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Loneliness, depression and anxiety: exploring the connection to mental health

Research shows that loneliness is associated with poorer physical and mental health and lower wellbeing amongst older people. In particular, loneliness amongst older people is associated with experiencing depression, and older people with a high degree of loneliness are twice as likely to develop Alzheimer’s disease as those with a low degree of loneliness.

An ongoing service delivered in South Cumbria, advanced through Age UK’s Testing promising approaches to reducing loneliness programme, provides learning on how to support lonely older people who may also be experiencing mental health issues.

What is Testing Promising Approaches to Reducing Loneliness?

The Testing promising approaches to reducing loneliness programme ran between April 2015 and October 2016, with eight local Age UK partners testing different approaches to reaching older people who are lonely, understanding their situation and providing and/or arranging for appropriate support.

Age UK South Lakeland, one of the local Age UK partners, continued the approach beyond the end of the programme. Data captured on almost 2,850 older people, over three years from the start of the programme, showed that loneliness scores were highly associated with depression symptoms and anxiety[1].

In other words, among the older people supported by Age UK South Lakeland, many of those who were lonely also experienced feelings of depression and/or anxiety.

What have we learned from Age UK South Lakeland’s support of lonely older people who also experienced mental health issues?

Both listening to, and exploring, issues that older people are experiencing is crucial to being able to support those experiencing both loneliness and mental health issues such as depression and anxiety.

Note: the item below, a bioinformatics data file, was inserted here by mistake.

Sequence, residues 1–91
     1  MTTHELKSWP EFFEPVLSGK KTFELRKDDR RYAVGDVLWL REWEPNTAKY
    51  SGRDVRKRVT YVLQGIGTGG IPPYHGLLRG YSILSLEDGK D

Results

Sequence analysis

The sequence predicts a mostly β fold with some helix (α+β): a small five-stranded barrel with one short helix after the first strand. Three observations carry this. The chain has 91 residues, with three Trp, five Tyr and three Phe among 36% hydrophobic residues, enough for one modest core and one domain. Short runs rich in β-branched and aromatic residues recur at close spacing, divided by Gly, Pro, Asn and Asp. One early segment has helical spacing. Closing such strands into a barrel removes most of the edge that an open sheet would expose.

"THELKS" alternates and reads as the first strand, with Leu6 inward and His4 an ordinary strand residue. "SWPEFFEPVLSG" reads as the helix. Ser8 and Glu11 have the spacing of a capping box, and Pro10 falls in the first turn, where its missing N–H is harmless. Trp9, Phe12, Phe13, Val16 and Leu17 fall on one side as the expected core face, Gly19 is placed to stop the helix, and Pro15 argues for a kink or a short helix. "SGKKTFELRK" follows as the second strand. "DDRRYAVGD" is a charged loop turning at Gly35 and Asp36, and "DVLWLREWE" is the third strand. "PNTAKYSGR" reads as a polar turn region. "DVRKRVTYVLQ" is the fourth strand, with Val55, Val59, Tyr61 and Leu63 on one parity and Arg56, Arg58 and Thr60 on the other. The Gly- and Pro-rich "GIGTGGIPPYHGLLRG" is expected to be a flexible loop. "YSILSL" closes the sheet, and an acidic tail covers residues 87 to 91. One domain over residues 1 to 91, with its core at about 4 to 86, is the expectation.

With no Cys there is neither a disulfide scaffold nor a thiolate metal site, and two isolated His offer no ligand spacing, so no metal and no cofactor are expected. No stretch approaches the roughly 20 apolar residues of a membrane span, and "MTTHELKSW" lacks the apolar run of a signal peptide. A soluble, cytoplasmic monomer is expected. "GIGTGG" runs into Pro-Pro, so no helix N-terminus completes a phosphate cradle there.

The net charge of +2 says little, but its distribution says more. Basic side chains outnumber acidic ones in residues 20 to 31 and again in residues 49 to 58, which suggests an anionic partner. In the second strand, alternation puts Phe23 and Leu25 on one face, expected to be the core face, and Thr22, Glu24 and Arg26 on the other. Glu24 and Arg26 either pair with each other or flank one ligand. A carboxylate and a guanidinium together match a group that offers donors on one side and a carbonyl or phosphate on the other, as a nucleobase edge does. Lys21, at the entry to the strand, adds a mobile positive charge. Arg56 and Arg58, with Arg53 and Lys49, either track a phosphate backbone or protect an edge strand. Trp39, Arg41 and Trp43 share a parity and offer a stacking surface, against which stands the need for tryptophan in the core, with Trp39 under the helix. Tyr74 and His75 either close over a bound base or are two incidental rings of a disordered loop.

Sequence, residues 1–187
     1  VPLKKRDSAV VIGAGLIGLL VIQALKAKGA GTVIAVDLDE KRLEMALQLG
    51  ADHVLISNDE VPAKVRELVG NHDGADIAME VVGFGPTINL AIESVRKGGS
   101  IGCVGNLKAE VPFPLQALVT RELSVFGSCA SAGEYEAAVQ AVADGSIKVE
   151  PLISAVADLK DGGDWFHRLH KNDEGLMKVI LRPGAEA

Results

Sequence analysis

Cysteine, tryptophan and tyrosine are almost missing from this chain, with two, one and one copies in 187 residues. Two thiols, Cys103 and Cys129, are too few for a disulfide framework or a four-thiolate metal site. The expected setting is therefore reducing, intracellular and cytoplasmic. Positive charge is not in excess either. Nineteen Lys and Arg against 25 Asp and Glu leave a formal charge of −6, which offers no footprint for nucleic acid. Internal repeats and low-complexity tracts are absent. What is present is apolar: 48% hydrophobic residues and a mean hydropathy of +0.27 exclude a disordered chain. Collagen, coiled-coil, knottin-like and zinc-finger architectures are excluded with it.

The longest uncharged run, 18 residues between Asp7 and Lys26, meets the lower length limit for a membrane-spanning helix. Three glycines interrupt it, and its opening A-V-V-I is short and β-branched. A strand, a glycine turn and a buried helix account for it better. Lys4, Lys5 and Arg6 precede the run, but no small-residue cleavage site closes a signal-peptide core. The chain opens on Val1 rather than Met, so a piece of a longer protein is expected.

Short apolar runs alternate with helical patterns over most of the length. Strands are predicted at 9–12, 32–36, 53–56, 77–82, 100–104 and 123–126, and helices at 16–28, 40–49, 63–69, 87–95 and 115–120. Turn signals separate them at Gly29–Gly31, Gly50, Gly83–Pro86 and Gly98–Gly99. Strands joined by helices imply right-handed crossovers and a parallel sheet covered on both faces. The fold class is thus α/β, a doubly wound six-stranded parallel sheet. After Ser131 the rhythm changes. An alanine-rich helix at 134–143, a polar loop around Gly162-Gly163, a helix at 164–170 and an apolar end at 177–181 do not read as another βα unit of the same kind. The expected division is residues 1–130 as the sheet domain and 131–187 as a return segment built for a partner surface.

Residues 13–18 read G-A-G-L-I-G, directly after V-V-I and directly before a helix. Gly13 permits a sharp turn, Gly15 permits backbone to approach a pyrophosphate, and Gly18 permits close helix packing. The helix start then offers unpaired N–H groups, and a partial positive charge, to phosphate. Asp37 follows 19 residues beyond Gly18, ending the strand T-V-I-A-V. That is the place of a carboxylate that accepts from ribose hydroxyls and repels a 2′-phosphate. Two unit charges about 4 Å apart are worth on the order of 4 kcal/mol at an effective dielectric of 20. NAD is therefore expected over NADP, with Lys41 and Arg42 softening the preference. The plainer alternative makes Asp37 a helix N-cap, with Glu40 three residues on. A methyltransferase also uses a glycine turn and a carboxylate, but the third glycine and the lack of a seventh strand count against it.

To explore such issues, collecting data on older people’s lived experience can be invaluable. Age UK South Lakeland’s Compass Tool collects a wealth of information across the five domains of health, living conditions, social life, money and locality. This statistical information provides valuable insight into linkages between different aspects of older people’s lives, enabling identification of issues that are the main causes of negative feelings.

Staff are trained to ask the questions in an appropriate and sensitive manner. The support provided is tailored to the needs and wants of individual older people, and, for those with multiple issues, the focus is to prioritise and resolve most urgent things first. 

Reducing loneliness is not always about encouraging more social engagement. Rather other issues…may by the key to reducing loneliness

3 ways to support older people experiencing loneliness, depression and anxiety

  1. Listen to and explore issues being experienced by older people.
  2. Collect and use relevant statistical data to identify issues and relationships between issues.
  3. Recognise that resolving other issues may be the driver to reducing experiences of loneliness.

1] The correlation between loneliness and depressive symptoms (as measured by the PHQ-9 questionnaire) was 0.992. The correlation between loneliness and anxiety (as measured by the GAD-7 questionnaire) was 0.977.

About the authors

This article was written by Care Connect (a research and innovation hub at the University of Sheffield) and Age UK. For further information, email or   


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Last updated: Jun 21 2024

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